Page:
Healed, he thought, because he thought that as many as seven days might have passed, and nobody had hurt him.
He didn't know what to do. Life was about surviving what his masters did to him. It was about that foolish, that desperately important refusal to let them break him all the way. It was about being prepared for pain. It was about struggling for every thought and fighting for every word.
Days now were things of endless emptiness. His thoughts came without him having to fight for them, but he had no idea what to apply them to. He was tiny in a vast room of possibility, and had no idea how to take the first step.
By his reflection in the fragments of metal on the washroom wall, he thought that he might look different already, less wounded and less thin. But if he was changing, what would be become?
Healed, he thought. He touched the marks on his chest; the mark on his shoulder that he would never lose. But still scarred. Always that.
There was one door in the palace that Rodney had never been allowed through. "The relic room," they told him, when he finally dared to ask.
He gathered his phials and his fixings, cleared his throat, and pretended not to care at all. "Is the High Lord Cowen likely to--"
"Am I likely to what?" Cowen asked.
By the flame! Rodney almost said it aloud. He bit his lip, and struggled to keep hold of his armful of phials. A black one slipped free and shattered, spilling a pool of black almost to Cowen's toes.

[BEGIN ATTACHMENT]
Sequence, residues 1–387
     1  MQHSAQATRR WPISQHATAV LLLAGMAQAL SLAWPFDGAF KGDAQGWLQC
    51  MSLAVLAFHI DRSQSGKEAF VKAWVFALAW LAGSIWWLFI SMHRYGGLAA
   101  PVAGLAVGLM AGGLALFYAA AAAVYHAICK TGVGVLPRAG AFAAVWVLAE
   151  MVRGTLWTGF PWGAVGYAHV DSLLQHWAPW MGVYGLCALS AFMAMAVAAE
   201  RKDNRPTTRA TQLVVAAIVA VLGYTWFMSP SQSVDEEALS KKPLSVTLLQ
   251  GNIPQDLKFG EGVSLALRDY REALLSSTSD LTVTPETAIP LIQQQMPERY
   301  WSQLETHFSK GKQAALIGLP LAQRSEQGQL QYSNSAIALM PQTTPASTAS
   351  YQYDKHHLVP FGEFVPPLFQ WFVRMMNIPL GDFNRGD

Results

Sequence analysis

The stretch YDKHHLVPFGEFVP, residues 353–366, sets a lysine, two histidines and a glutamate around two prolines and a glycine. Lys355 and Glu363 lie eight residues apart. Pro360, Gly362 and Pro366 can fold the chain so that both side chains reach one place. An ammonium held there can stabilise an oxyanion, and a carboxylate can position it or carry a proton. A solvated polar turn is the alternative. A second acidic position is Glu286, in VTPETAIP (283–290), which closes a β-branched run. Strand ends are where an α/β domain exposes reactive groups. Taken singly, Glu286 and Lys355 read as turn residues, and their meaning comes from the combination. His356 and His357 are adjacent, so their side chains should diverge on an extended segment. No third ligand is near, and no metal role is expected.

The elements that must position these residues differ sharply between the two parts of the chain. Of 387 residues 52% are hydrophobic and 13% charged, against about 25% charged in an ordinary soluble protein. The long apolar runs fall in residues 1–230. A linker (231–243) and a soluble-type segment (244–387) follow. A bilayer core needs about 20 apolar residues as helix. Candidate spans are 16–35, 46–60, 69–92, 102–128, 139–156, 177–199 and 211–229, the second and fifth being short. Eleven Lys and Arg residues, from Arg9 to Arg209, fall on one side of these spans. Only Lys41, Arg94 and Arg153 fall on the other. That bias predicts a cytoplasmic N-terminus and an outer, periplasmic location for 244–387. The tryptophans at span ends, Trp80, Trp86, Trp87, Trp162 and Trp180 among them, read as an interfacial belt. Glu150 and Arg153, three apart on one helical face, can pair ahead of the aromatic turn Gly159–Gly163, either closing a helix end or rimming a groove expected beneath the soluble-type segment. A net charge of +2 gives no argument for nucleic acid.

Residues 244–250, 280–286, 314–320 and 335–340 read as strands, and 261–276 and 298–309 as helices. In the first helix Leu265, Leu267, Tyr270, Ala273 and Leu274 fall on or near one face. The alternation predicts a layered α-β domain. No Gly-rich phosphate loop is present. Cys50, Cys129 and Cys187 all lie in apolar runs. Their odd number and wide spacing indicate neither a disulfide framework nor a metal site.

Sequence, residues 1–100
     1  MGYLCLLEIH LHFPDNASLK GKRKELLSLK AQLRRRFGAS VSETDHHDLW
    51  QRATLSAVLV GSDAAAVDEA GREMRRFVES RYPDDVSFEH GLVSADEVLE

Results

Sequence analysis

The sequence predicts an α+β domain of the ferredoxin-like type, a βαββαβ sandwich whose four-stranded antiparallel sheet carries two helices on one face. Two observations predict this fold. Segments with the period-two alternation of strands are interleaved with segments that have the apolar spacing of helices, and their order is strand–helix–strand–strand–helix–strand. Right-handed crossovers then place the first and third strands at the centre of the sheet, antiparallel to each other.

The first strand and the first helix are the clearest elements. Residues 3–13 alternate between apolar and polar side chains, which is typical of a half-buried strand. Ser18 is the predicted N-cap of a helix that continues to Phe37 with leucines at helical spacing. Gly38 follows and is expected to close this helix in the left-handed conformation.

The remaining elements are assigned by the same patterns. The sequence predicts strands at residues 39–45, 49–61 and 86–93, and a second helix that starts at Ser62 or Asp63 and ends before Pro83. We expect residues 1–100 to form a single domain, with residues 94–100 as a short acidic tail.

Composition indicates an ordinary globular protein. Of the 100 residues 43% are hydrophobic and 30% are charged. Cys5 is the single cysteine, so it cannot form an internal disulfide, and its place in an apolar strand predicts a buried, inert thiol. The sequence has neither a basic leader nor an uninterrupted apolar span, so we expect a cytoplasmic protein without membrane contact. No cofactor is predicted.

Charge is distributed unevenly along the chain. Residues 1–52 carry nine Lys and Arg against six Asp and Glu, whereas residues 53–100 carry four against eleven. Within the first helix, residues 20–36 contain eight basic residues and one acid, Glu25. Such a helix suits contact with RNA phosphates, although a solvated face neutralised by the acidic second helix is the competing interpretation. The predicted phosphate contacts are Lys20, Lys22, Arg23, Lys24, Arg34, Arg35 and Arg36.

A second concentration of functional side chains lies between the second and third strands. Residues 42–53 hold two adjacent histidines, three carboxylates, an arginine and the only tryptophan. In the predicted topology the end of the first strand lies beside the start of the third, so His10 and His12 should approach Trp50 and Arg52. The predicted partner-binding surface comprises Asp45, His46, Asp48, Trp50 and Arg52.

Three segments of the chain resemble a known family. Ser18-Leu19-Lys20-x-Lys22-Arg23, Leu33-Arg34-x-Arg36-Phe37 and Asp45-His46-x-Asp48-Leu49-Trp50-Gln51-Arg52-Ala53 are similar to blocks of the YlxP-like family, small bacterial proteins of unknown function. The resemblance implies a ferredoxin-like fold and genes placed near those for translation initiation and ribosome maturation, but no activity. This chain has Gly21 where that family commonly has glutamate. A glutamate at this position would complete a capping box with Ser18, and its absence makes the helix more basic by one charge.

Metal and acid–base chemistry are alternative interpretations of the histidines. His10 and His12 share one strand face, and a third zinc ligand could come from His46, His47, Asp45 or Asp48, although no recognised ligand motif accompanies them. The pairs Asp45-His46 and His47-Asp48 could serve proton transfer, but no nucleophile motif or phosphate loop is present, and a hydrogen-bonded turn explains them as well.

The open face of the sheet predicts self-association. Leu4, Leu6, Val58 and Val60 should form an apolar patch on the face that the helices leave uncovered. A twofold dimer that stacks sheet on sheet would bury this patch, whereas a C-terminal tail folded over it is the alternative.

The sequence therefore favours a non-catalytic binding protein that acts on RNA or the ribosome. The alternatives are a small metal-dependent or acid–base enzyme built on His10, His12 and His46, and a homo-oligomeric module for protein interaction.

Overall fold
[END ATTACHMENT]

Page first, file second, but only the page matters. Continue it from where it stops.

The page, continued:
"I'm sorry." Rodney almost lost a second phial to his natural inclination to gesture with his hands while talking. "I didn't mean--"
Cowen took a deliberate, fastidious step back. "A slave will clear it up. With his tongue." His serious look held for longer than necessary before he laughed, as if to indicate that it was a joke. "What were you wondering about my intentions?"
"I… I'd noticed a room I hadn't gone into," Rodney said. The sun was slanting in through the windows behind Cowen, and the alchemy was dazzling, alive not just with light but with eager, glittering power. "I was just wondering if you were going to ask me to… well, to go in. Enhance the relics? Give them a setting worthy of them?"
"Perhaps I will," Cowen said. Did he always go round with a guard of very large soldiers, or were they a new development? "But I have a few days' of work to get out of you in the parade room first."
Parade room. Rodney swallowed. Kolya's kingdom. "Yes, High Lord," he said.
Cowen turned and began to walk away. Rodney sagged with relief, then jerked himself upright again when Cowen turned. "And my gift still pleases you?" It was spoken with his usual mildness, steel wrapped in silk.
"It does," Rodney rasped. "I mean, he does."
"Good," Cowen said, "because I would hate to displease my most accomplished alchemist."
His tone, Rodney thought, said something else entirely.
Time went faster when Adept McKay was talking. It gave him something to anchor himself on, and made the world smaller and less suffused with choice. McKay liked talking, and his eyes and his hands became like living things when he lectured about alchemy. All the slave had to do was ask, and then concentrate on making the right reactions.